Daniel Hoft, M.D., Ph.D., director of the division of infectious diseases at Saint Louis University has received funding from the Gates Foundation to research a potential vaccine against tuberculosis.
Bill & Melinda Gates Foundation

Contact: Nancy Solomon
Saint Louis University

Public Release: 29-Jun-2015
PLOS Pathogens
TSRI and biotech partners find new antibody weapons against Marburg virus
A new study led by scientists at the Scripps Research Institute identifies new immune molecules that protect against deadly Marburg virus, a relative of Ebola virus. The research provides ingredients needed to develop treatments for future Marburg outbreaks.
NIH/National Institute of Allergy and Infectious Diseases, National Science Foundation, Japan Society for Promotion of Science, Uehara Memorial Foundation, Investigators in the Pathogenesis of Infectious Disease etc.

Contact: Madeline McCurry-Schmidt
Scripps Research Institute

Public Release: 28-Jun-2015
Lancet Global Health
More secondary schooling reduces HIV risk
Longer secondary schooling substantially reduces the risk of HIV infection -- especially for girls -- and could be a very cost-effective way to halt the spread of the virus, according to researchers from Harvard T.H. Chan School of Public Health. In a study in Botswana, researchers found that, for each additional year of secondary school, students lowered their risk of HIV infection by 8 percentage points about a decade later, from 25 percent to about 17 percent infected.
Harvard T.H. Chan School of Public Health, Belgian American Educational Foundation, Fernand Lazard Foundation, Boston University, National Institutes of Health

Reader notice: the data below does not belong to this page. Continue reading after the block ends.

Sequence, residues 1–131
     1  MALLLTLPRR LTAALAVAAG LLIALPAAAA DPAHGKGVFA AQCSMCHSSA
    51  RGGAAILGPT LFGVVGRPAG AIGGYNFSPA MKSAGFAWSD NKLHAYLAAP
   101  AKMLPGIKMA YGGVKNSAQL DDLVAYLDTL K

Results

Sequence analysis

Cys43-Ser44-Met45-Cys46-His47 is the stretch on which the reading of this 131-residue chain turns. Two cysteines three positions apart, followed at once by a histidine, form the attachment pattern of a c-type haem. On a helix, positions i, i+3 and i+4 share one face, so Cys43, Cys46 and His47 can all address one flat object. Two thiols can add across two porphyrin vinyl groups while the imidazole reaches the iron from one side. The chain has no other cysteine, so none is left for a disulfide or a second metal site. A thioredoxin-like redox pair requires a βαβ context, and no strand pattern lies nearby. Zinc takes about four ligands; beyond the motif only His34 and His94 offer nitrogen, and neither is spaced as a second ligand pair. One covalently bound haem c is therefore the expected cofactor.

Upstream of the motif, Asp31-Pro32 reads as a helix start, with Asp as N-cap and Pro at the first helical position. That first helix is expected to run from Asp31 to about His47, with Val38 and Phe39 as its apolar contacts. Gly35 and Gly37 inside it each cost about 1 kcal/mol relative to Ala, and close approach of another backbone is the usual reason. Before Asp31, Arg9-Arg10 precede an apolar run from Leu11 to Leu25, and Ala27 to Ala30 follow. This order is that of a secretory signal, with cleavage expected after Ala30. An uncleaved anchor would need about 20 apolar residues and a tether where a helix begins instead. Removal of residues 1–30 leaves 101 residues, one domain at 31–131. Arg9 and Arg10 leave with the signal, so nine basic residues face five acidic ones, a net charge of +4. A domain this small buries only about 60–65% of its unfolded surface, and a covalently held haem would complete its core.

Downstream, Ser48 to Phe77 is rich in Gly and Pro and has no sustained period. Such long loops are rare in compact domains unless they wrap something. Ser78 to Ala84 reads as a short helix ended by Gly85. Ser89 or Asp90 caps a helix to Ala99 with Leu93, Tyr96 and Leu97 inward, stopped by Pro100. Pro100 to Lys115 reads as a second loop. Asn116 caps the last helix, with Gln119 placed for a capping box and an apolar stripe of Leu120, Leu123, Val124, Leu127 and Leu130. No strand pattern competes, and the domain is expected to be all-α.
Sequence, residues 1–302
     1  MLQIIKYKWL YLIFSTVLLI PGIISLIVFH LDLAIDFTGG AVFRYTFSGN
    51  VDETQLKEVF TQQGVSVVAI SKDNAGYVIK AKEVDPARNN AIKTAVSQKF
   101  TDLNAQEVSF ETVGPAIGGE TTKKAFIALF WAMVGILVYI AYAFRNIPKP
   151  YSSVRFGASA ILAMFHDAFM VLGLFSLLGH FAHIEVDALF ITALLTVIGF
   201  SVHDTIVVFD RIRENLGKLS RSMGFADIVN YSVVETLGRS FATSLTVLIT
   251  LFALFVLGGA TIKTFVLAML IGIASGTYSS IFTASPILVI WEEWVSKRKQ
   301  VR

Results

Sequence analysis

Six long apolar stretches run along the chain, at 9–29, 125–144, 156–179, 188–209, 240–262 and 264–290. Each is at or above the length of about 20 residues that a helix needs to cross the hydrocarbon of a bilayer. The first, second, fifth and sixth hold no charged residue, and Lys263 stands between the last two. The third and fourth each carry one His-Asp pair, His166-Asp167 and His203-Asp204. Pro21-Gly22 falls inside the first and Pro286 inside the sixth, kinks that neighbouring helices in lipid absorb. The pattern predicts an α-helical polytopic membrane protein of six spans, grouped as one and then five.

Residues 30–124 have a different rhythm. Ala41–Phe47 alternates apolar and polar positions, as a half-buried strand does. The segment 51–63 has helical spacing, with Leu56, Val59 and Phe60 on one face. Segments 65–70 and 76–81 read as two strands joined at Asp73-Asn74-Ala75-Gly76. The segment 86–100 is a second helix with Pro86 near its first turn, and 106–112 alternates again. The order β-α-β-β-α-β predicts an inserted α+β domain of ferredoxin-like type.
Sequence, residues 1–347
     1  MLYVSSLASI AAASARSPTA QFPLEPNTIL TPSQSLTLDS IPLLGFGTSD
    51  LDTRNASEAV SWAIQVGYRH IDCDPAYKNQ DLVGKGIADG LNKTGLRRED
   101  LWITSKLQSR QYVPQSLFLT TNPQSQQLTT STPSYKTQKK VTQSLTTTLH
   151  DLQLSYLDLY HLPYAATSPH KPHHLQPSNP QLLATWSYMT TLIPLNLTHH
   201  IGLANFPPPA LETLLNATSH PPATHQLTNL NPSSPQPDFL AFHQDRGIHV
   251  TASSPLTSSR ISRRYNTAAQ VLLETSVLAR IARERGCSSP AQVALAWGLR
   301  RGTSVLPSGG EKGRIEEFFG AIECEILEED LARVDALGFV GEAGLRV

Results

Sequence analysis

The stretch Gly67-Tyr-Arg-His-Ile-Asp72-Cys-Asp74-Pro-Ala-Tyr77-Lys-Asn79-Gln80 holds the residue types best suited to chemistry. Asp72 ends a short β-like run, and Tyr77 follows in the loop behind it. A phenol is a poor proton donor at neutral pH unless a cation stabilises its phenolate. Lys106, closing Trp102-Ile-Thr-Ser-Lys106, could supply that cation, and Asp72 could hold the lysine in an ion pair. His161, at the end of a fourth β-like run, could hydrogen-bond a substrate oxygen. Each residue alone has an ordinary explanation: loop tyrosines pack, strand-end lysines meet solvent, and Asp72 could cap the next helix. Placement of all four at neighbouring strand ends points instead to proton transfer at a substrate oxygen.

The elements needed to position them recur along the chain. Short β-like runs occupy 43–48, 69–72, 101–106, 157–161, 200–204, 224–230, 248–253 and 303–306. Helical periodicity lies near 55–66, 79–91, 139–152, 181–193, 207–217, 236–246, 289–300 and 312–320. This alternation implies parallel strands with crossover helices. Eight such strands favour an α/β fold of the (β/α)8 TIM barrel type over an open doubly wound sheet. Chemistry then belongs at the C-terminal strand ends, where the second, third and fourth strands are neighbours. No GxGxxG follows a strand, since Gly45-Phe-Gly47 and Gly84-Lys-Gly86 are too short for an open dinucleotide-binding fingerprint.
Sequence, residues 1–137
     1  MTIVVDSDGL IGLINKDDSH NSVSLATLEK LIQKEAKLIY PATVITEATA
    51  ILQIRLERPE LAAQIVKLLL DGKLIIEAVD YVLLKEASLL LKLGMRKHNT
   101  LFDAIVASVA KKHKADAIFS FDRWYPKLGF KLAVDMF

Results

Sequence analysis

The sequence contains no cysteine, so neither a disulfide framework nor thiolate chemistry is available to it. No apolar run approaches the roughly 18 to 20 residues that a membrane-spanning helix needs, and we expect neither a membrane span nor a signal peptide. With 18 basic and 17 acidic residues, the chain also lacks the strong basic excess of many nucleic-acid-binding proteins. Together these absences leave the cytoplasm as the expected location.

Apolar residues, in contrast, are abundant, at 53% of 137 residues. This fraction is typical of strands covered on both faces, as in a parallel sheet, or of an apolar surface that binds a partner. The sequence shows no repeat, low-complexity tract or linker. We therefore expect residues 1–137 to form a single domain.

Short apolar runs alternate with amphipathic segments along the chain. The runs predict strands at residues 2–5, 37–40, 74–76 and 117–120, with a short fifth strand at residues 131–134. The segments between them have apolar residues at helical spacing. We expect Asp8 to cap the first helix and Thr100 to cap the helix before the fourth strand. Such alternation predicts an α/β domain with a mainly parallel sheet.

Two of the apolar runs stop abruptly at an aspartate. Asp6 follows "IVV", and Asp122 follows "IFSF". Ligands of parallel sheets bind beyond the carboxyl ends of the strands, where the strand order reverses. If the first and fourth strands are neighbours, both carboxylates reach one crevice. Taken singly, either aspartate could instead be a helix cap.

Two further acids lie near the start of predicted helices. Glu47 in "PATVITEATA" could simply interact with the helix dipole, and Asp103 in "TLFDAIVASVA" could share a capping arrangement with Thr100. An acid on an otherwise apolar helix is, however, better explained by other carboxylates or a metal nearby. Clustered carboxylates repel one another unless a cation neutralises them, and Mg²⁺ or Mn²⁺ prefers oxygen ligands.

Contact: Marge Dwyer
Harvard T.H. Chan School of Public Health

Public Release: 26-Jun-2015
Cell Reports
Scientists identify 'decoy' molecule that could help sharply reduce risk of flu death
The flu virus can be lethal. But what is often just as dangerous is the body's own reaction to the invader. The immune counterattack can end up harming the body's own tissues, causing deadly damage. Now, a University of Maryland School of Medicine researcher has for the first time uncovered new details about how this response plays out. And he has identified a 'decoy' molecule that can rein in this runaway inflammatory response.

Contact: David Kohn
University of Maryland School of Medicine

Public Release: 25-Jun-2015
Proceedings of the Royal Society B
Tracking the genetic arms race between humans and mosquitoes
Individual populations of mosquitoes are under strong evolutionary pressure from humans and their environment, a new study shows.
National Institutes of Health, Russian Science Ministry

Contact: Robert Perkins
University of Southern California

Public Release: 25-Jun-2015
University of Kentucky researcher to develop artificial blood for mosquitoes
A University of Kentucky professor's laboratory continues to advance research on controlling one of the world's most notorious species of pests, the mosquito.
Bill and Melinda Gates Foundation

Contact: Katie Pratt
University of Kentucky

Public Release: 25-Jun-2015
New report: Investments in neglected tropical diseases one of the best buys in development